Two sets of children share the roles of the Von Trap Kids and the “Edelweiss Cast” on press night turned in a polished and assured performance and gives real depth and colour to the overall show.

Director Quintin Young has delivered much and the use of large thrust stage to aid the transitions between scenes works wonderfully well but more should have be done to use the thrust further and bring the action closer to the audience. That said the opening scene which uses the boxes either side of the stage is stunning and high emotive.

Production wise there were a few issues, Sound isn’t quite there yet but hopefully the little flaws will iron out as the run progresses and the Set on occasion floated from side to side on more than one occasion as if a fly cue or two had been missed. James Gow’s Lighting design is spot on the money bringing a traditional theatrical feel to the production peppered with moments of sublime atmosphere thanks to his inventive lighting design.

Louise Williamson’s choreography also delivers in spades bringing an enriching context to the overall show that’s perfectly in keeping with the piece.  This is further enhanced by Kate Dixon excellent wardrobe design that never falters especially through vast number of costumes changes achieved by the principals.

The greatest element of the sound of music is just that the Music and Musical Director Tommie Travers has been able to coax amazing vocal performances across the company as well as bringing to life that gorgeous score thanks to his 25 piece pit orchestra under his baton it truly adds a refined polish to the production.

SLO should be proud of themselves and each other given the difficulties they have faced in getting  the show to the stage and the incredibly short rehearsal period that ensured the curtain has gone up on a rock solid production that is loaded with potential to go even further! A show that’s worth climbing any mountain to grab a ticket!

The SLO presents, The Sound of Music, Festival Theatre, Edinburgh, Runs until Saturday 10th September for tickets go to: Southern Light: The Sound Of Music (

Brett Herriot Review

Footloose, The Edinburgh Playhouse, Review:

Footloose has a solid heart !

*** 3 Stars

It’s hard to believe its approaching forty years since Kevin Bacon created the iconic role of Ren McCormack in the genre redefining movie “Footloose” telling the tale of Ren who moves to a small town in Texas called Beaumont from Chicago. There he finds a town and its people still reeling from the tragedy that befell it a couple of years before, which particularly affects the local reverend who institutes a ban on booze, drugs and dancing. Youthful rites of passage for a prom meets authority in a clash that must make them both face up to the loss, redemption and the realities of life that loss causes pain but it can’t stop life from moving on.

The films screenplay by Dean Pitchford was adapted for the stage in 1998 and the musical made its debut in London in 2006 and went on to enjoy several UK tours. Now Selladoor, Runaway Entertainment and Jason Haigh Ellery have launched a brand new UK tour for 2022 and its now enjoying a week long run at the Edinburgh Playhouse.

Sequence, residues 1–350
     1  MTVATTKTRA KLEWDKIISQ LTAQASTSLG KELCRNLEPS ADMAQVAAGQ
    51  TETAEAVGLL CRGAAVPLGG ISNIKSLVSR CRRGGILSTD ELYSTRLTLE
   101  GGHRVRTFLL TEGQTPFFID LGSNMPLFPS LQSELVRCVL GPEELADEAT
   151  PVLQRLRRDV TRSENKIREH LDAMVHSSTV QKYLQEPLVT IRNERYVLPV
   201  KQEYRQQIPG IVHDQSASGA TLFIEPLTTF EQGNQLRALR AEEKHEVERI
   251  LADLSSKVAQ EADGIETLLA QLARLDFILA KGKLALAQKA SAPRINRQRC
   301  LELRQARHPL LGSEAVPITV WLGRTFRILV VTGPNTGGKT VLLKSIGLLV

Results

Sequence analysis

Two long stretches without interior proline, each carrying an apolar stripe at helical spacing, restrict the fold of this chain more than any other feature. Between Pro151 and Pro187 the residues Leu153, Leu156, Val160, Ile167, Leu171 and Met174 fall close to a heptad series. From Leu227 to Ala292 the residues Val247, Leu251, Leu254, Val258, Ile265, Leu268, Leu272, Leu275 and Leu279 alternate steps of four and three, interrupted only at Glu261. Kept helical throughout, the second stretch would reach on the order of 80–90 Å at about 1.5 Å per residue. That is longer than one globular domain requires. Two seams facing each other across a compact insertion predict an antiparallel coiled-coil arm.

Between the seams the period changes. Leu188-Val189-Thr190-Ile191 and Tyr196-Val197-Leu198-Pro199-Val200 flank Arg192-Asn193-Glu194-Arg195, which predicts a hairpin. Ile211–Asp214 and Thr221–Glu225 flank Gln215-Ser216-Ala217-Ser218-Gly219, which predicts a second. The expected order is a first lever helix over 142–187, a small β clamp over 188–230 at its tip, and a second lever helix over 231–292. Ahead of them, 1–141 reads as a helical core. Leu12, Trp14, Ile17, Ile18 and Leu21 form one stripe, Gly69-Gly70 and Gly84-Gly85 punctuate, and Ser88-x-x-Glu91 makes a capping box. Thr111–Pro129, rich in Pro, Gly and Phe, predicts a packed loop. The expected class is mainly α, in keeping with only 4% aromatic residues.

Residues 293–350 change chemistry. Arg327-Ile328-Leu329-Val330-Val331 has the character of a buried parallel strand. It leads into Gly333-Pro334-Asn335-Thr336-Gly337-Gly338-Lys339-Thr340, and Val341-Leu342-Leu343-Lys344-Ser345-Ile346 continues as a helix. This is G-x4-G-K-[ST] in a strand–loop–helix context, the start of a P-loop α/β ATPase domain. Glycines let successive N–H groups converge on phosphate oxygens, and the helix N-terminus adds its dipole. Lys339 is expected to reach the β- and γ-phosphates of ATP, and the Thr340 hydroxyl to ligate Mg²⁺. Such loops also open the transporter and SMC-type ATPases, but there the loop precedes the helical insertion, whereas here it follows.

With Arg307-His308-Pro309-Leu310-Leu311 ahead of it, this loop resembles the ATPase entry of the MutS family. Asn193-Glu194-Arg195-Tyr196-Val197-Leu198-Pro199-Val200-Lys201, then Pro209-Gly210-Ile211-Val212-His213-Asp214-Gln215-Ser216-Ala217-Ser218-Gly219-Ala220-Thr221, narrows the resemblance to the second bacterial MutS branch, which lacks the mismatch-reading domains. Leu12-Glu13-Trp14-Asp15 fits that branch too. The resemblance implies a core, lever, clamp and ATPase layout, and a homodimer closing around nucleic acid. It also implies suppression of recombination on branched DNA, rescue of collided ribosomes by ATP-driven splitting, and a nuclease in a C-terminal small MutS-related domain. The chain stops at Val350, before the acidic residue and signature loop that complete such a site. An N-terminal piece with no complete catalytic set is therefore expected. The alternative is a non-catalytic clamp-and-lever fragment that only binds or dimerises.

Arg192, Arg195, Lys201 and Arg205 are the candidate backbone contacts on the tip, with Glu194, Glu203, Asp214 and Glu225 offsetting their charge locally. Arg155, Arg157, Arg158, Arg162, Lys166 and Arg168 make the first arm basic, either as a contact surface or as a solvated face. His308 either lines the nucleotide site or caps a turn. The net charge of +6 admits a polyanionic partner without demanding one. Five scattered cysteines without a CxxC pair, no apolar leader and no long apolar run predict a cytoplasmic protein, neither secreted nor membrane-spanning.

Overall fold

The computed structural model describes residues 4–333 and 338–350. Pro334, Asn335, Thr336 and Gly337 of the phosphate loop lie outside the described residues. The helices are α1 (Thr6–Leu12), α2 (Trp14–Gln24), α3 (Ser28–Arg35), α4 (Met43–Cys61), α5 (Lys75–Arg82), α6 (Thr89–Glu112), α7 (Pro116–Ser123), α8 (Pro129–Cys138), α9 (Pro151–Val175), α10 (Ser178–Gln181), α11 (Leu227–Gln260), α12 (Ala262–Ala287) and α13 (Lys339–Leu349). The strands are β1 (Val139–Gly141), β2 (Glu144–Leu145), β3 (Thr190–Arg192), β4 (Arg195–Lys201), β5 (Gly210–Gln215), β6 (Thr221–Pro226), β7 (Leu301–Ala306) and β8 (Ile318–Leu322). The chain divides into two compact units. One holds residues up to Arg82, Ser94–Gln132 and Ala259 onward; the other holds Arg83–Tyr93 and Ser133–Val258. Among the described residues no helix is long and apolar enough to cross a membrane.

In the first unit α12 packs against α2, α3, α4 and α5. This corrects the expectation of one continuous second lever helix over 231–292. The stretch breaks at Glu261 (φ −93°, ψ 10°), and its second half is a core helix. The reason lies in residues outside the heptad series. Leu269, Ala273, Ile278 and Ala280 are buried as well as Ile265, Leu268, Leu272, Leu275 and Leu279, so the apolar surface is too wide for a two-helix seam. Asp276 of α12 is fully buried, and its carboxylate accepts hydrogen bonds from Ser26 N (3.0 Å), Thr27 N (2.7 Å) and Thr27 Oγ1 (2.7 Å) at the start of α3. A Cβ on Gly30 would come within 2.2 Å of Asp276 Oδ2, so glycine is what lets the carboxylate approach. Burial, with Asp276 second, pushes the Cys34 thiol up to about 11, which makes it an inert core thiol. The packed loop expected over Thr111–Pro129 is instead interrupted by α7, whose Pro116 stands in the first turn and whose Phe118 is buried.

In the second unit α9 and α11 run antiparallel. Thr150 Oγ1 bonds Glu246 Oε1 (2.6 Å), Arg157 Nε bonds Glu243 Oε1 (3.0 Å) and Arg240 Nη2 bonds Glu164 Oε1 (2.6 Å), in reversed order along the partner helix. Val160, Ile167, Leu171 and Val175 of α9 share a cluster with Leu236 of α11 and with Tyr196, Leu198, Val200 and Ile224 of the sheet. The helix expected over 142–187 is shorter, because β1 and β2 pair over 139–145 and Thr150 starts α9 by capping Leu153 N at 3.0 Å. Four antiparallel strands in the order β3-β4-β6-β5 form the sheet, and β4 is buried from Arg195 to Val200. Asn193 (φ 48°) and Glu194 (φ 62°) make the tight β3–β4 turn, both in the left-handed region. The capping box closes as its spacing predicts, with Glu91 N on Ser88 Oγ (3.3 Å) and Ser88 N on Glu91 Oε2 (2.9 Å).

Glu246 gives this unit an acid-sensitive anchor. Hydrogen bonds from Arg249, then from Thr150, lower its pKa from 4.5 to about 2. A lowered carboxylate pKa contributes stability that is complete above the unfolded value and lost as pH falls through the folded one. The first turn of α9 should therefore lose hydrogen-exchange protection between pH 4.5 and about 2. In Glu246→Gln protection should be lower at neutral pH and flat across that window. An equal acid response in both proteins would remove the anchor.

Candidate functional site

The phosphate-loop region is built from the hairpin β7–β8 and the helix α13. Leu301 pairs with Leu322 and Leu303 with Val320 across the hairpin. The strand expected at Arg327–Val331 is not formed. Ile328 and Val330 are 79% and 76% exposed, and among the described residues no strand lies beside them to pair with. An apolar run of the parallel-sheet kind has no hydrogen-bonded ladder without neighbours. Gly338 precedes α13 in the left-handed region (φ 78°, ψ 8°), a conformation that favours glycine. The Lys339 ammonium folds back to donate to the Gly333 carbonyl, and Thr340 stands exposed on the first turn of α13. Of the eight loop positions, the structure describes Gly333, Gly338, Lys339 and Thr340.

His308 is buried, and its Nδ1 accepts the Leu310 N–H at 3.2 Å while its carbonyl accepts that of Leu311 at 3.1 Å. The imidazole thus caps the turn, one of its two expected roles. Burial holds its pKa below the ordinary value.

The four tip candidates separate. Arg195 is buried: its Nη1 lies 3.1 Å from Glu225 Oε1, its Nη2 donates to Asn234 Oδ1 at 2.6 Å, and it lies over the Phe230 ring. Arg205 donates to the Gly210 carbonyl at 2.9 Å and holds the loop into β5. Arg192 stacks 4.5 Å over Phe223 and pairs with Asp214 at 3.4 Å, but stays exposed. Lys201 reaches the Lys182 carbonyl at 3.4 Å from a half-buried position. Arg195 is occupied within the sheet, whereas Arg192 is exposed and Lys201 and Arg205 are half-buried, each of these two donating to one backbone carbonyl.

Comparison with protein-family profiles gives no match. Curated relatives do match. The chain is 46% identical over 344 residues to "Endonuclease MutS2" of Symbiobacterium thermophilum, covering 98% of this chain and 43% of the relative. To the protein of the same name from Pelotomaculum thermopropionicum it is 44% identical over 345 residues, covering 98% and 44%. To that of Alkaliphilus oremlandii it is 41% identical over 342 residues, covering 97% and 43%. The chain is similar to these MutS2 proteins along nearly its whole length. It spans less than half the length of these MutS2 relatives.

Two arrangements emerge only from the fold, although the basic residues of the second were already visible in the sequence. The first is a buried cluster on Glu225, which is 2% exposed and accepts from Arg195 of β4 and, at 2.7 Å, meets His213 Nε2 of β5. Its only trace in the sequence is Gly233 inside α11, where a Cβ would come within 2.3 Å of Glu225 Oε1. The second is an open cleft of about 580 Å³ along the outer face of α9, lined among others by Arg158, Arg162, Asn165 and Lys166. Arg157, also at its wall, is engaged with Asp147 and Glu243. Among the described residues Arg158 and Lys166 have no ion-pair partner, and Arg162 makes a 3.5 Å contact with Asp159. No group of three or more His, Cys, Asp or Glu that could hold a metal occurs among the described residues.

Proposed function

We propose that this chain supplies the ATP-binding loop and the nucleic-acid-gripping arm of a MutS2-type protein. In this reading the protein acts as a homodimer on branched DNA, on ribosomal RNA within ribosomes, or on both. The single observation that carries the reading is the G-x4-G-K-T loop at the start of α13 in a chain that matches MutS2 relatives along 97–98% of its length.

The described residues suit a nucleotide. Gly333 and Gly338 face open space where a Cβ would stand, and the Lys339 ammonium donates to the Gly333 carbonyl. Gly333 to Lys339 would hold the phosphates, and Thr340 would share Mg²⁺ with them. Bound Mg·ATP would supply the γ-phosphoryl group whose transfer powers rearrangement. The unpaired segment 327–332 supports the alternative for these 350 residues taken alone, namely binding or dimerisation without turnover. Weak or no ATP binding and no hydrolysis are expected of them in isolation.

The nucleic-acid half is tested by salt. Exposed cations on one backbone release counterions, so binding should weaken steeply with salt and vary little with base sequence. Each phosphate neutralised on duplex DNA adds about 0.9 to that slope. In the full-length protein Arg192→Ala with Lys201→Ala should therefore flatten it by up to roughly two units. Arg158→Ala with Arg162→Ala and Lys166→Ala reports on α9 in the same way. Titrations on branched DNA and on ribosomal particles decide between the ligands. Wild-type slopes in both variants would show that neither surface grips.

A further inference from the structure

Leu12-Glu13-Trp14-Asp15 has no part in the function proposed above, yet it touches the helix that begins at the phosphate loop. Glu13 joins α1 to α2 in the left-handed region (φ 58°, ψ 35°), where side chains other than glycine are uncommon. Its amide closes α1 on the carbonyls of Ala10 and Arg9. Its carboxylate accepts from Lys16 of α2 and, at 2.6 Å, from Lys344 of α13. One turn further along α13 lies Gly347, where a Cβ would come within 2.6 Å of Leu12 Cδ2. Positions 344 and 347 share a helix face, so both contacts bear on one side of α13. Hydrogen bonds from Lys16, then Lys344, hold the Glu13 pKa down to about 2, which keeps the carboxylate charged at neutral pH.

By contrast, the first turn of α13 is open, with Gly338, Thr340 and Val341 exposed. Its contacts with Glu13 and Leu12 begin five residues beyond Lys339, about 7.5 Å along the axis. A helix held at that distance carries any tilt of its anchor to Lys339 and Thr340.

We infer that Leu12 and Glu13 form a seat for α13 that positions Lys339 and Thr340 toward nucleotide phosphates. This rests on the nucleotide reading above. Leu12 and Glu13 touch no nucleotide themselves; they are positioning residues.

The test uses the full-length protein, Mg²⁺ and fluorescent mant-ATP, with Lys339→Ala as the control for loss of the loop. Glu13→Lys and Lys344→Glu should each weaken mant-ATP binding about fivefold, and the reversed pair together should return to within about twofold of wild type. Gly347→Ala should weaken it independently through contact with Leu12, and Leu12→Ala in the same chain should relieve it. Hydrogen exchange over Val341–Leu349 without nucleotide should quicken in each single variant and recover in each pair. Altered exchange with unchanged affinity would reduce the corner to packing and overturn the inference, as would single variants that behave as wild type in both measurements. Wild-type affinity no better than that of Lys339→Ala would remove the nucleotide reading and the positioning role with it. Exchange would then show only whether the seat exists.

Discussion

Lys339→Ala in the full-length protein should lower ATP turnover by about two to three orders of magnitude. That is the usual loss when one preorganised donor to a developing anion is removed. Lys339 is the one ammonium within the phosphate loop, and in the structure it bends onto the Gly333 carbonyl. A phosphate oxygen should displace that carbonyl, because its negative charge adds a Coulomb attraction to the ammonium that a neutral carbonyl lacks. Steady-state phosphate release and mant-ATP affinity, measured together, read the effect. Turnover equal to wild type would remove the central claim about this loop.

This production delivers a mixed bag, while the performances are excellent and the small tight cast give buckets of energy it’s the creative decisions that take the shine off. It appears Selladoor productions are starting to over kill with adapting musicals for actor/musician parts. In some productions seeing the performer suddenly whip out an instrument and play it while continuing the lyrics and acting can actually work, sadly its less effective in Footloose, seeing two guys with guitars strapped to them as they jump a skipping rope looks a little strange if not overly gimmicky. The performers are supported by Musical Director Mike Nichols on Bass and Bob Carr on a digital drum kit set high above the stage.

Sara Perks costume design is spot on the money bringing to life a plethora of 80’s couture with details to knock the eye out. Sadly the same doesn’t apply to her Set design. The set is simply tiny, and looks dwarfed on the Playhouse stage, which has been heavily brought in with swathes of black curtains which easily half the available stage space. UK tours have to fit a range of venues but this particular set does a disservice to the audience in the Playhouse.  To many times a curtain located behind the keyboard station was left open and we could see the cast waiting for an entrance or the technical crew going about their business back stage which spoils the illusion of theatre.

In this production it’s the performances that count and director Racky Plews has an excellent pool of talent to draw from. Joshua Hawkins turns in a skilled and high energy take on the title of role of Ren McCormack giving shades of innocence, frustration along with some fantastic hi energy dance moves. Jake Quickenden takes on the comedy role with “Willard Hewitt” he proves he has the voice and skill as a musical theatre actor but it didn’t take long for his clothes to be ripped off to reveal  the chiselled body underneath. Special mention must go to Holly Ashton in the role of both “Vi Moore and Principal Clark”. Ashton’s performance of “Can you find it in your heart” it’s both emotional and honest and a high point that really pushes the story of the show forward.  The same acclaim goes to Darren Day in the role of Rev Shaw Moore a man conflicted between his faith, sense of loss and failure to understand his pain doesn’t outweigh that of those around him. It’s an accomplished performance with a honey soaked vocal to boot.

This production of Footloose has a solid heart and delivers much for the ticket price but the small set and tech issues and the choice to use an actor musician style run against it but it still makes for a fabulous night of musical theatre and you can’t help getting to your feet for the mega mix and cutting loose to Footloose!

Footloose, Edinburgh Playhouse runs until Saturday 23rd July for tickets go to: Footloose Tickets | Edinburgh Playhouse in Edinburgh | ATG Tickets